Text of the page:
E. The Offset Program

For the past few years, the agenda for TEI's liaison meetings with the IRS National Office has included an item relating to the business master file (BMF) offset program. We have no doubt that the IRS has grown as weary of discussing this issue as we have. Nevertheless, given the recent reinstitution of the BMF offset program, we feel compelled raise - once again - our memebers' concerns.

Last year, the IRS announced that the BMF offset program would be reinstated effective July 1, 1989. In spite of IRS acknowledgements that corporate concerns with respect to the program were legitimate and assurances that adequate safeguards would be built into the system, the offset program persists as the proverbial thorn in the corporate taxpayer's side.

Based on discussions with representatives of the Returns Processing and Accounting Division, we understand that modifications were made in the program as recently as January of this year. Our understanding is that (except where the taxpayer has a history of delinquency) offsets will not occur until at least 10 weeks have elapsed from the time a notice is sent to the taxpayer. We also understand that the Service Centers have the capability of "marking" the accounts of large corporations on an ongoing basis, thereby effectively removing them from the automatic offset program and enabling Service Center personnel to deal with and resolve discrepancies before any offset is effected.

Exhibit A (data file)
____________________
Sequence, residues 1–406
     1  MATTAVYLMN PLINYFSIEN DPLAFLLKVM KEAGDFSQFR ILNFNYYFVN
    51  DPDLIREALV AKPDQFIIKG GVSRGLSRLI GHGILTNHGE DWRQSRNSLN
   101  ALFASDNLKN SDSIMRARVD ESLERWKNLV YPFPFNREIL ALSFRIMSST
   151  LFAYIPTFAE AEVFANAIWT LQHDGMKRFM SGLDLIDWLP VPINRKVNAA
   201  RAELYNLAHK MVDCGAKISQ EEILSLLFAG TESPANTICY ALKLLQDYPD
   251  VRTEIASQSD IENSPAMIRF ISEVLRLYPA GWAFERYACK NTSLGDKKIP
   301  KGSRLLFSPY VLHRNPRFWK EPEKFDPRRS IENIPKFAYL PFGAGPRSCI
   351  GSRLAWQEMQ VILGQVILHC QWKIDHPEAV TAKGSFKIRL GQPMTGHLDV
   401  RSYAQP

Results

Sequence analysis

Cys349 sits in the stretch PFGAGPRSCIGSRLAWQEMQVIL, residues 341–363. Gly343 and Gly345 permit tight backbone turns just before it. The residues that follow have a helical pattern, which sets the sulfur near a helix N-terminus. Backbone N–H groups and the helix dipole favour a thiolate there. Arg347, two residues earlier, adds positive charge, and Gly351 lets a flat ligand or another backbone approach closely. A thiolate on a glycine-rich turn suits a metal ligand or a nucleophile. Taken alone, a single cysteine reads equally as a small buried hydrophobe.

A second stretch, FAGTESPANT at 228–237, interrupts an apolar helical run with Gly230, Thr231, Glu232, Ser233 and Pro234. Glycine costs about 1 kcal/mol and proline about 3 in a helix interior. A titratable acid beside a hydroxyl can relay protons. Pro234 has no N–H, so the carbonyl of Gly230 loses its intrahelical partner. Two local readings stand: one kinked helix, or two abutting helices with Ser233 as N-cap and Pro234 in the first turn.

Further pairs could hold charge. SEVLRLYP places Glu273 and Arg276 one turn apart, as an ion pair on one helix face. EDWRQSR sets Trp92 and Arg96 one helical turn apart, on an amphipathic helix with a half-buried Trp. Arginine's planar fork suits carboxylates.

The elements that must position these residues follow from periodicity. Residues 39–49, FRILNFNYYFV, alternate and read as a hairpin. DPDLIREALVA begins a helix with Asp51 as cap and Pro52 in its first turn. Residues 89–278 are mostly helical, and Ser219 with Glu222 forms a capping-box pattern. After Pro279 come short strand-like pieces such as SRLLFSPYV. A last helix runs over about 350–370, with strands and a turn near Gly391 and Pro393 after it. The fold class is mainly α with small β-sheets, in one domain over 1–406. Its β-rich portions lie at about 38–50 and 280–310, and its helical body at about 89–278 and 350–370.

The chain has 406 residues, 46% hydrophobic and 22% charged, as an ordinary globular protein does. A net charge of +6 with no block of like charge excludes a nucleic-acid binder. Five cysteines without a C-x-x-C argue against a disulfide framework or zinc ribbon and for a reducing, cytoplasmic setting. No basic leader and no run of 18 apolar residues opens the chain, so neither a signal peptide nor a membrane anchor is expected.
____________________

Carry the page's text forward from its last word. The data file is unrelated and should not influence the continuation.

TEI appreciates the cash management imperative that drives the reinstitution of the offset program. We continue to be concerned - in light of the problems that arose between the July 1989 reinstitution of the program and the January 1990 modifications - about the overall efficacy of the program in respect of large corporations. (We are in the process of gathering information from our various chapters on the problems that persist in the program, which we will forward in due course to the IRS.) At a minimum, we believe that there would be a benefit in the IRS's fully explaining the program. In this regard, we would be pleased to publish an IRS description of the program in a future issue of our bimonthly publication, The Tax Executive.

(*) Numbered notes are printed at the end of the agenda (page 184). (1) There can be no doubt that the law is simpler for those individuals whose return filing obligation was eliminated by the Tax Reform Act of 1986 or who are eligible to claim the standard deduction. For other individuals and practically all business taxpayers, however, the opposite is true. See "Codified Confusion: Tax Law Is Growing Ever More Complex, Outcry Even Louder," Wall Street Journal, at A1, col. 6 (Eastern Edition, April 12, 1990).

(2) Although the effects of transitional complexity might be thought to dissipate quickly, that is not the case. Not only do some provisions have long phase-in periods (e.g., the adjusted current earnings provisions of the AMT), but broad delegations of rulemaking authority to the Department of the Treasury and the IRS postpone the day when taxpayers are provided with meaningful guidance on what a new provision means. Taxpayers may also e compelled to work simultaneously with the new and old laws during the transition period. As a result, a given year's tax return can implicate both, multiplying not only the taxpayer's recordkeeping and compliance burdens but the IRS's auditing challenge as well.